U.S. standard .900 silver alloy in coins may change under legislation

Goal of bill is conformity to world standard
By , Coin World
Published : 07/02/15
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The composition of the nation’s regular 90 percent silver coins and 90 percent commemorative silver dollars could change under provisions of legislation currently working its way through Congress.

The provision in H.R. 1698 — the Bullion and Collectible Coin Production Efficiency and Cost Savings Act — is a proposed technical correction reportedly aimed at saving the U.S. Mint money by conforming to the current world standard of .910 fine silver for coin silver. The Mint reportedly has to order custom-made blanks for the .900 fine silver issues.

The measure also includes multiple other provisions involving gold, silver and palladium bullion coins.

H.R. 1698 on June 23 was passed by the House of Representatives by voice vote after suspension of House rules and forwarded to the Senate for its consideration.

The legislation was introduced in the House March 26 by Rep. Bill Huizenga, R-Mich., chairman of the House Financial Services Subcommittee on Monetary Policy and Trade.

The Roosevelt dime, America the Beautiful quarter dollars, and Kennedy half dollar currently produced in Proof at the San Francisco Mint for several annual Proof sets, as well as all modern commemorative silver dollars, are composed of 90 percent silver and 10 percent copper. The composition is mandated by law.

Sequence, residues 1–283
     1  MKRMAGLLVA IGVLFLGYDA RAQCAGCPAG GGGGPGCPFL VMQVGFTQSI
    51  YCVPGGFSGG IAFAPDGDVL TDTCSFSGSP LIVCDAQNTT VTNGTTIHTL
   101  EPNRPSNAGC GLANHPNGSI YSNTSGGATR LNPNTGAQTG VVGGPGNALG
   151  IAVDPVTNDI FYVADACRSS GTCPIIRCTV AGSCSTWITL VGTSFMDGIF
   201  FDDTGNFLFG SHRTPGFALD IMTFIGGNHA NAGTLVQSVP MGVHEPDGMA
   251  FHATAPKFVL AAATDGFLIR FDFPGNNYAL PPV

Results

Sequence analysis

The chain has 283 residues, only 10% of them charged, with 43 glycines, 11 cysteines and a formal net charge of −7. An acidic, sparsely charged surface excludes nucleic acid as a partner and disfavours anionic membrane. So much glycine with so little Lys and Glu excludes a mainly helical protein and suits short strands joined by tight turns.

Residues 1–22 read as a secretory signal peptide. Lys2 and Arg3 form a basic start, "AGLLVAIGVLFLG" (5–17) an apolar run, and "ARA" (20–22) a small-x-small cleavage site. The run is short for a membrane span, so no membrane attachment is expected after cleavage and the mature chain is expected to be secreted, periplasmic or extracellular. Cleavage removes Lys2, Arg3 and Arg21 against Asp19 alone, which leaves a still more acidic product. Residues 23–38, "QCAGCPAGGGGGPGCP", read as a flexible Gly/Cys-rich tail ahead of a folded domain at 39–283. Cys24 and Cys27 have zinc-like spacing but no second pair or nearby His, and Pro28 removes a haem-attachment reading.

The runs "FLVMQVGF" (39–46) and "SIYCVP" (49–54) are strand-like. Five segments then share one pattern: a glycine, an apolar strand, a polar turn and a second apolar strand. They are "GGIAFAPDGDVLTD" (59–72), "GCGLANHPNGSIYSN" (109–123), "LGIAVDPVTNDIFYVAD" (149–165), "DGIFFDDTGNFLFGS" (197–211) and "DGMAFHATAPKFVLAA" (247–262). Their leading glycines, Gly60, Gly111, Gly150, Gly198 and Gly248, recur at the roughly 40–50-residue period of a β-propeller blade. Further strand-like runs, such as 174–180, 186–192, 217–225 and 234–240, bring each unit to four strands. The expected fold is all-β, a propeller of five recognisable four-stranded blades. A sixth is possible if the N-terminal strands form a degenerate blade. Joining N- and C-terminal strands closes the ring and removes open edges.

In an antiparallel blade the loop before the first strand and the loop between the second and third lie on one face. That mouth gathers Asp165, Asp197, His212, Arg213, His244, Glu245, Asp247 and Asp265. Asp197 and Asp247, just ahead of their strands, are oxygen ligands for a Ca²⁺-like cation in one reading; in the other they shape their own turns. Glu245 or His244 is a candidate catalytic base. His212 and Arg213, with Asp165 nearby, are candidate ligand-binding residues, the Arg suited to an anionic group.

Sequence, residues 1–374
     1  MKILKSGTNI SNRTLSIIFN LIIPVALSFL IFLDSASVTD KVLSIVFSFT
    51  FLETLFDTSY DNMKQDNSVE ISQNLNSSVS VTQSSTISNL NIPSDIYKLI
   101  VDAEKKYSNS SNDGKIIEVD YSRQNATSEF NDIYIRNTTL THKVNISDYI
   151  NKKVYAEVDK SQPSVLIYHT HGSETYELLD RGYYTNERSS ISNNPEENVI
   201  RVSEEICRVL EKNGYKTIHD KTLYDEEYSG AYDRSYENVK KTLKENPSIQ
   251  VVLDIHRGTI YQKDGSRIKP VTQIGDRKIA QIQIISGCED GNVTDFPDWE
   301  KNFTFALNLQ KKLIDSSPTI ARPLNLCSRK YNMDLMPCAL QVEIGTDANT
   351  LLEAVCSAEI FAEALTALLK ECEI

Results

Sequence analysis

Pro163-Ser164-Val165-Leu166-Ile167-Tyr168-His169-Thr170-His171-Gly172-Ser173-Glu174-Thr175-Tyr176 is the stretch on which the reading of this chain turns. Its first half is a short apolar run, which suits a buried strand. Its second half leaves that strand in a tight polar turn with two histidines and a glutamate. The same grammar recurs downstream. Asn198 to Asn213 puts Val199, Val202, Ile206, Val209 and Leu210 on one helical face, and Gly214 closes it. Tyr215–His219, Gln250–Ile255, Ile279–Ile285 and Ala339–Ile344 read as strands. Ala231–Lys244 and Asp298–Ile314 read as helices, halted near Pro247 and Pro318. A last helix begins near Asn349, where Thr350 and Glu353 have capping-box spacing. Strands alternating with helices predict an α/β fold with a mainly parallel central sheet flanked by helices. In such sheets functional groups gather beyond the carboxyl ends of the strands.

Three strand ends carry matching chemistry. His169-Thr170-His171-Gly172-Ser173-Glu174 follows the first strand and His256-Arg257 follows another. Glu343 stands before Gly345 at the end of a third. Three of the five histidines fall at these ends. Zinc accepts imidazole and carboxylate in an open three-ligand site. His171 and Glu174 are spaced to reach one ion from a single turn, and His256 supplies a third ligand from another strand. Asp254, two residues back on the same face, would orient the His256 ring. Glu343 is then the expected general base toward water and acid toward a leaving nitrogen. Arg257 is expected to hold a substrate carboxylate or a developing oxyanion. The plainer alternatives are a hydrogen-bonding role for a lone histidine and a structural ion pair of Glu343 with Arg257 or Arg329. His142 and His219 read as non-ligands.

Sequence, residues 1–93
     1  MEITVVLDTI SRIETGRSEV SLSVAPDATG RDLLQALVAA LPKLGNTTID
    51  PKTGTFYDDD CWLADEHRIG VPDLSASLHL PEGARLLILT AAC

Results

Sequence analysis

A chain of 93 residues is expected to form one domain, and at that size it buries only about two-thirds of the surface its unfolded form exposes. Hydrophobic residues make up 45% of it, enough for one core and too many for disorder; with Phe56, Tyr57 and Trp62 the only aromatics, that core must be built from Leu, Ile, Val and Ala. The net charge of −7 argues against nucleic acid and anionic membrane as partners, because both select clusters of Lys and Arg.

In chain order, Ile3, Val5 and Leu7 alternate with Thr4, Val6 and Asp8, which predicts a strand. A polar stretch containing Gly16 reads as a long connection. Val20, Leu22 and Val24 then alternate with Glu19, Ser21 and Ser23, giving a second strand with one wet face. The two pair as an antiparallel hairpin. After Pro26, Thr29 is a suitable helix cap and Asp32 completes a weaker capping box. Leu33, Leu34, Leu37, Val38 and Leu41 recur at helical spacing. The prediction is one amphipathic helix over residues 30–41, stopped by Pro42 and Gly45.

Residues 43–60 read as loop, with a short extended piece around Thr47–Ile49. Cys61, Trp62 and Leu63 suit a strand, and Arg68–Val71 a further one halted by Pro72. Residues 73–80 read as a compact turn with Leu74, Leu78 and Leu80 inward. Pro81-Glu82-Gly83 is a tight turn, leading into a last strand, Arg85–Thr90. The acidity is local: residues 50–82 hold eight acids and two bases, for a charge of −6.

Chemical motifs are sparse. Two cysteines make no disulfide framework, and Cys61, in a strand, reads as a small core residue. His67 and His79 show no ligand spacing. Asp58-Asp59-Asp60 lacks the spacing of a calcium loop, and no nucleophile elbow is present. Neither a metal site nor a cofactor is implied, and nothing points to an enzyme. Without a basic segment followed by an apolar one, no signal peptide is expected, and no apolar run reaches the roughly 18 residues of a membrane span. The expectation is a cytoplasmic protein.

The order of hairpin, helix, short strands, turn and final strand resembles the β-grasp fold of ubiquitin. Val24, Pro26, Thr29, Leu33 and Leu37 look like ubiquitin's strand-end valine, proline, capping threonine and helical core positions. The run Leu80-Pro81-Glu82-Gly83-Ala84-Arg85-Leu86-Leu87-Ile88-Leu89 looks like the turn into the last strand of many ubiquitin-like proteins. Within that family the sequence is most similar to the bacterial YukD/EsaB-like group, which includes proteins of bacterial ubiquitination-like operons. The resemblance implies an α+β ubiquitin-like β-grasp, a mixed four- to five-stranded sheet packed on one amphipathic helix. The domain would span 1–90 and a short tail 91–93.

Under H.R. 1698, the language “90 percent silver 10 percent copper” would be replaced with “not less than 90 percent silver.” However, Huizenga’s proposed technical amendment does not specify what the balance of the coinage alloy would be; it would grant the Mint leeway in adjusting the silver content as long as the composition is not less than 90 percent silver.

Palladium coin

The legislation opens the door wider for the prospect of the U.S. Mint producing a collector version of a 1-ounce .9995 fine palladium investment coin.

Huizenga’s legislation, if it becomes law, would render moot a congressionally mandated study under the American Eagle Palladium Bullion Coin Act of 2010, Public Law 111-103. The study, executed by CPM Group, determined that demand for a palladium bullion coin would be low and the program likely unprofitable, finding:

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